This piece originally appeared in the GuildNotes, Issue 1, 2021
Community arts educators cannot authentically amplify youth voice and leadership without intentionally working to dismantle adultism in their programs, organizations, and collective action efforts. Adultism is the systematic mistreatment and disrespect of young people which in turn disregards their power and rights as full human-beings.
Too often, young people are shut out of or erased from policy and programming conversations and decision-making processes that directly affect their lives. Young people not only need a “seat at the table,” they need the holistic support of adult accomplices to create their own tables. In December 2020, young artists from the Creative Youth Development Partnership’s National Youth Network and Detroit’s CYD local network presented “Adultism,” a youth panel discussion on adultism and its impact on youth and adult spaces. The panel was organized by Paula Ortega, the Partnership’s National Youth Coordinator and core team member of Re:Frame Youth Arts Center (Phoenix), and Tanykia “Diamond” Davis, youth representative for the Detroit CYD Network and Living Arts (Detroit). They were joined in conversation by Mario Pauldon, poet and vocalist (Illinois); Sam Marcial, poet and dancer (California), Quinn Pursell, theatre artist (Arizona); and Brianna Bryant, engineer and applied artist (Michigan).
Creative Youth Development National Partnership to Receive $50,000 Grant from the National Endowment for the Arts
The National Guild for Community Arts Education has been approved for a $50,000 Grants for Arts Projects award to support the Creative Youth Development National Partnership. This project will foster systemic change through robust programs for young artists that prioritize youth leadership and voice, and are rooted in racial equity, social justice, and collective action. The CYD National Partnership’s project is among 1,073 projects across America, totaling nearly $25 million, that were selected during this first round of fiscal year 2021 funding in the Grants for Arts Projects funding category.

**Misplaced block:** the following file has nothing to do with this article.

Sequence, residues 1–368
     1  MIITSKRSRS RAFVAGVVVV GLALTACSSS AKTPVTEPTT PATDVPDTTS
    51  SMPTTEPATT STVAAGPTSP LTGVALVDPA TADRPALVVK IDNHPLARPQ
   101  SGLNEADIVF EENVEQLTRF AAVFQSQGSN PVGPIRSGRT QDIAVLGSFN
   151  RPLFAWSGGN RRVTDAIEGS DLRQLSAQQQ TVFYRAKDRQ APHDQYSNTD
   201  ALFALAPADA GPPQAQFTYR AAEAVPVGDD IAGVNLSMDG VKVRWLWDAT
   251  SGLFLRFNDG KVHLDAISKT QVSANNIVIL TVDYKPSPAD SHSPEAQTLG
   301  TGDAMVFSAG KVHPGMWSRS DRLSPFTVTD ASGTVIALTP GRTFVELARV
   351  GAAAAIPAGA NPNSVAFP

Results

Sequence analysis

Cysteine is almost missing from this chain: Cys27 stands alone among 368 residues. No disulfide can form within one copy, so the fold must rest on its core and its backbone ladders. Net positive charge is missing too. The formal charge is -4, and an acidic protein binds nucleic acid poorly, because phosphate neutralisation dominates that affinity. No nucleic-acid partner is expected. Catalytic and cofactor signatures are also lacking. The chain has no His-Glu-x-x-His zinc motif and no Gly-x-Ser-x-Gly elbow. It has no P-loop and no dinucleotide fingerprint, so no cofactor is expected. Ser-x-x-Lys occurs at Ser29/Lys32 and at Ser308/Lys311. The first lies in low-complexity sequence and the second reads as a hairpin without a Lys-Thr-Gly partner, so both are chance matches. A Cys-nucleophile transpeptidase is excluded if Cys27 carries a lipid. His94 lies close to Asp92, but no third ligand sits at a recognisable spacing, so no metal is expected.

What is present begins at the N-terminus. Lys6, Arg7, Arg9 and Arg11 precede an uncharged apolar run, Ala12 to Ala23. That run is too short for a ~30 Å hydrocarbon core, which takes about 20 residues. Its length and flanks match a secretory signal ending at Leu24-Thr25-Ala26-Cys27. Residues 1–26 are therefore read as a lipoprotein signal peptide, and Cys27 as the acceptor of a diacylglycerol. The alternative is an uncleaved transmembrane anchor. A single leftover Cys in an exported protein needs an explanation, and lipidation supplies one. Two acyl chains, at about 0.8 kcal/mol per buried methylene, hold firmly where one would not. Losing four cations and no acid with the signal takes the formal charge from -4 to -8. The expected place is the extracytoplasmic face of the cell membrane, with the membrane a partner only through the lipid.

“We are excited to continue supporting the growth of CYD Peer Networks in Austin, Texas, and Detroit, Michigan,” said Ashley Hare, the Guild’s Director of Leadership Development. “The pandemic last year was unexpected, but gave us more time together to recenter around the values of CYD, and ensure authentic relationship-building between youth and adult practitioners.”
Young artists and activists from RYSE Youth Center (Richmond, CA) and youth leaders from Re:Frame Youth Arts Center (Phoenix, AZ) held a series of conversations to discuss Creative Youth Development (CYD) from 2019-2020. They met over video calls to discuss how they define CYD values, what CYD looks like in practice, and their expectations of adult partners in CYD spaces. A series of graphics emerged from these conversations to help guide adult practitioners and spark larger conversations with youth and adults in the field of CYD.
Two timely ways youth leaders can get involved with Creative Youth Development: